By Pam Martens and Russ Martens: October 15, 2020 ~
The United States is experiencing the worst pandemic since 1918. The U.S. economy is experiencing the worst economic crisis since the Great Depression of the 1930s. And the general public is attempting to vote in the most important presidential election of a lifetime with obstacles like fake ballot boxes, 5-hour wait lines, and destroyed mail-sorting machines. What is the central bank of the United States, the Federal Reserve, doing with its free time at this critical moment? It’s rewriting its rules for responding to Freedom of Information Act (FOIA) requests from the public and media.
After revising the Fed’s own FOIA rules earlier this year, the Fed is now rewriting the FOIA rules for the Federal Open Market Committee (FOMC). That just happens to be the entity in charge of sluicing that cumulative $9 trillion to trading houses on Wall Street from September 17, 2019 through March of this year. The Fed has yet to release one detail about what specific trading houses got the money and how much each got. But the Fed is very likely contemplating the day that it is sued for that information or Congress or the courts issue subpoenas.
Yesterday, the Fed released the details of what it is proposing in changes to its FOIA rules for the FOMC. The public will have 60 days to submit a comment letter. (Comments from the public on the proposal can be emailed to FOMCregs.comments@FRB.gov – include “Part 271 Rules Regarding Availability of Information” in the subject line of the message.)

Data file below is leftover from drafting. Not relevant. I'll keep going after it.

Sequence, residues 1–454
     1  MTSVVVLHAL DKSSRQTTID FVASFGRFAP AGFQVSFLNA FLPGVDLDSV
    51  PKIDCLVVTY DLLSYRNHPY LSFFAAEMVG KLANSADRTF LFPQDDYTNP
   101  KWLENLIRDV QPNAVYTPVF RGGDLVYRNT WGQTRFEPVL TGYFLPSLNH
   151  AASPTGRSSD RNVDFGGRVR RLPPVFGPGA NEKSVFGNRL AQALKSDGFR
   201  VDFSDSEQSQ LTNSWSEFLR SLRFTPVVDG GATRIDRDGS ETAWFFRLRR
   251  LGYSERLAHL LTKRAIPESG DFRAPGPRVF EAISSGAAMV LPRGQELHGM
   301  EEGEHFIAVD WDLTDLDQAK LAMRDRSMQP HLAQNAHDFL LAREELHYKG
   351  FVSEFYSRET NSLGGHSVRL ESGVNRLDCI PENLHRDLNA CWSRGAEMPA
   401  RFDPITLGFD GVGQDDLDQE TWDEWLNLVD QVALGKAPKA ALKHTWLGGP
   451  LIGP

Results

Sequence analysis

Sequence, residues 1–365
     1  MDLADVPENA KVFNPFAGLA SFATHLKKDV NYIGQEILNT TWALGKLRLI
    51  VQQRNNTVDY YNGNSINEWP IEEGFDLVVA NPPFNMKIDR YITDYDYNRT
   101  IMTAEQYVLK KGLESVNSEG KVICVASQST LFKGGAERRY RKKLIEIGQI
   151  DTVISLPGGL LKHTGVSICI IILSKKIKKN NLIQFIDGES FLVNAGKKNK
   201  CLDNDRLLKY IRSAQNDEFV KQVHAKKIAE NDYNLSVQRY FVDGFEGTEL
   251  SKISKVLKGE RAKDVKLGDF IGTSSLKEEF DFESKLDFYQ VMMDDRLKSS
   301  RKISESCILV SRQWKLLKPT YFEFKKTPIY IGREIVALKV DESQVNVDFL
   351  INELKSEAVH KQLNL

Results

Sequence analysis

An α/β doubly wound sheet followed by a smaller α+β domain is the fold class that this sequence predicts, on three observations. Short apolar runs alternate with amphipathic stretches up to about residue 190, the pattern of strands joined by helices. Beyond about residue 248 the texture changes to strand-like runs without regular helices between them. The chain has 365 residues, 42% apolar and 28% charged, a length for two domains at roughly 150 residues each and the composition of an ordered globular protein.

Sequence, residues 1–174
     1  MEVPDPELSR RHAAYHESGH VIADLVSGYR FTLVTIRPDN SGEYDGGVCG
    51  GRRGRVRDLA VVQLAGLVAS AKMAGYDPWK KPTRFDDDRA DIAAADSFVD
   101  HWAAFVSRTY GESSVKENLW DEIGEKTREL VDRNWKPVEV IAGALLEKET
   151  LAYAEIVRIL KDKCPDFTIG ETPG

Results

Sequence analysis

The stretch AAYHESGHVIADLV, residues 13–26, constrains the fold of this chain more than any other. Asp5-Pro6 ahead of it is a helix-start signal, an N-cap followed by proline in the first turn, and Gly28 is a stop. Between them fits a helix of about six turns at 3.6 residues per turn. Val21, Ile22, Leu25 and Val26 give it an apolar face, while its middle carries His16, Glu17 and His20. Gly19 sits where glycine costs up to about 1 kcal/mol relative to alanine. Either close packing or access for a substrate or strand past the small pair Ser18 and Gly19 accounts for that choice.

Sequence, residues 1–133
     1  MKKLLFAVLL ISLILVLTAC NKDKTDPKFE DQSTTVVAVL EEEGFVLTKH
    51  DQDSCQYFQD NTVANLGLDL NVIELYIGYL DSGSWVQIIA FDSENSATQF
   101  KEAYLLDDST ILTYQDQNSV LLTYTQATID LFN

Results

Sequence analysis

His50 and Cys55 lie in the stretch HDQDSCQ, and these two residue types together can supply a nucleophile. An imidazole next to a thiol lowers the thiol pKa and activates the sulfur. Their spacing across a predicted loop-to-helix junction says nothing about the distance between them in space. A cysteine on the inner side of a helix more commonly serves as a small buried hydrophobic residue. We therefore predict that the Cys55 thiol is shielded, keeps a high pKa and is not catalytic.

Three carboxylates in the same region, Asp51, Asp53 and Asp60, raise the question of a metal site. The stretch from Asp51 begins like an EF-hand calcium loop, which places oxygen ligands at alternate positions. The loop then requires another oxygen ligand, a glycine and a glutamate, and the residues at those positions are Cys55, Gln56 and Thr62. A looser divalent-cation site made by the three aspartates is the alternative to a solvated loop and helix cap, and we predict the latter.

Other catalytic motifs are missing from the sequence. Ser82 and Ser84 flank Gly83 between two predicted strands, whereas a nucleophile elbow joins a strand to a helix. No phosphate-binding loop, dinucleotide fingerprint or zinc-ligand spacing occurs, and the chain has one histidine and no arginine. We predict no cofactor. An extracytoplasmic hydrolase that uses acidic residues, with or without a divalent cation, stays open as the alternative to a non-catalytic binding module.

This might be an excellent time for Americans to tell the Fed just what they think about its history of secrecy and stonewalling. For a primer on that history, see our article: Why Americans Don’t Trust the Fed: It’s Too Damn Secretive.
While the Fed attempts to give the impression that it is merely shuffling around language that already exists under law, what does pop out is that it is accentuating that it can withhold information based on an “Executive Order.” Has President Donald Trump issued such an Executive Order to the Fed?
The revised paragraph will read as follows:
“§ 271.15 Exemptions from disclosure. (a) Types of records exempt from disclosure. Pursuant to 5 U.S.C. 552(b), the following records of the Committee are exempt from disclosure under this part. (1) Any information that is specifically authorized under criteria established by an executive order to be kept secret in the interest of national defense or foreign policy and is in fact properly classified pursuant to the executive order.”
The Fed is also adding a new section, §271.3, which describes the process for certification and service of subpoenas. Is the Fed contemplating subpoenas under a new Congress next year? Here’s why that might happen.
According to the Fed’s own website, it has not released transaction level data on three of its Section 13(3) emergency lending programs: the Primary Dealer Credit Facility; the Commercial Paper Funding Facility; and the Money Market Mutual Fund Liquidity Facility. Under Section 1101 of the Dodd-Frank Act of 2010, it was required to provide that information to the Senate Banking Committee and the House Financial Services Committee within seven days, with regular updates.
Section 1103 of Dodd-Frank requires 13(3) funding facility data to be publicly released a year after the facility is terminated or two years after lending has ceased, whichever comes first. But Fed Chairman Jerome Powell has repeatedly testified before Congress that the Fed would be providing full transparency now on these programs.
The Fed would appear to be getting its ducks in a row for when the lawsuits and subpoenas start to fly.